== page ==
NEW NORMAL - Happiness Is Good For Business: 6 Ways To Create It For Employees
There’s plenty of evidence that happy employees are more engaged, productive and effective—and they contribute more to success and the bottom line. As a leader, you have an opportunity to create the conditions for happiness. And it’s a good idea—because it’s the right thing to do for people and it contributes significantly to business outcomes.
Based on Kansas State University research, by creating the conditions for happiness, businesses experience a positive impact on employee decision making and job performance, reduced health costs and reduced turnover costs. These effects of happiness are true regardless of age, gender, ethnicity, job tenure and educational levels. Additional studies at the University of California Riverside found when people are happier, they work harder toward goals and seek to develop their capabilities—both of which are good for business.
Happiness Is A Shared Responsibility
One caveat: Businesses and leaders are not solely responsible for happiness. People tend to have a genetic tendency toward happiness—or not—and they also have responsibility. This is the idea of both agency and structure. Agency is the impact people and their choices make. Adults are empowered to choose how they think about things, how they react and how they shape their circumstances. But structure is also critical—this is where leaders and organizations come in. Structure addresses the policies, practices, norms and cultures which contribute to happiness—or don’t.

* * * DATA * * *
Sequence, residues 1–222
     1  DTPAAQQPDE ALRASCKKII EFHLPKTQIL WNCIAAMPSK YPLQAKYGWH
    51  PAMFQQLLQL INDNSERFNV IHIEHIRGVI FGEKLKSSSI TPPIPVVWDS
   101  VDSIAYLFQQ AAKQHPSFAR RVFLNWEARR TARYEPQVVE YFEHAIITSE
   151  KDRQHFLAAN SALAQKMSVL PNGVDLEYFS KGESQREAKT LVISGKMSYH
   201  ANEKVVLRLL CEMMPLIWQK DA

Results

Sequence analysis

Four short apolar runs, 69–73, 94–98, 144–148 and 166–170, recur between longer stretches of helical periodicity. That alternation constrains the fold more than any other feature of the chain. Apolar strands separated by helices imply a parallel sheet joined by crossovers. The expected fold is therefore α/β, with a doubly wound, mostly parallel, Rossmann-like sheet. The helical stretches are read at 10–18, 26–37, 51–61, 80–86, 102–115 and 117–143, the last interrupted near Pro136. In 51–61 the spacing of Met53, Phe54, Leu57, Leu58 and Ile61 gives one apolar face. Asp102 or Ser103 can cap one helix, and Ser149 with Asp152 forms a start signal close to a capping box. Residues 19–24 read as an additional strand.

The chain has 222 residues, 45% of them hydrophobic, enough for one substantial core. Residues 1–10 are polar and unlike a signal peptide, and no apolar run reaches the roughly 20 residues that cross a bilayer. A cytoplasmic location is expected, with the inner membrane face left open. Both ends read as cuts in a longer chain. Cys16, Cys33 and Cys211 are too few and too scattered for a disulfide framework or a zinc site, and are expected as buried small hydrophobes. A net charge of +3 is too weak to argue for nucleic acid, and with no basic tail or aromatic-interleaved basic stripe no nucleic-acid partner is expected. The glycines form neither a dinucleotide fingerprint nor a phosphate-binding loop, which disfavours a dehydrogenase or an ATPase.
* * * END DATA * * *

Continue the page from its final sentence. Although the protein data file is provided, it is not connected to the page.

How To Create Happiness For Your Employees
Creating happiness has important implications, and it is within your control and your capabilities.
Be present and attentive. Great leaders demonstrate they care, and are responsive to employee needs. Recent studies show when employees feel their leaders have a sense of empathy, they report better mental health and wellbeing. In addition, employees report one of the most important elements of having a positive work experience is having leaders who are both present and accessible. Check in (don’t check up), ask questions and be responsive. These acts of leadership pave the way toward employee happiness.
Provide choice and control.
Another way to create greater happiness among employees is to ensure you’re providing as much choice as possible. Research by the University of Birmingham finds when people have greater control over their tasks and schedules at work, they also report greater levels of wellbeing and job satisfaction. Give people as much choice as possible about where they work, when they work, how they work, with whom they work and what they work on. Of course, it’s not always possible to give people total autonomy, but in general, more is better.
Focus on the whole person.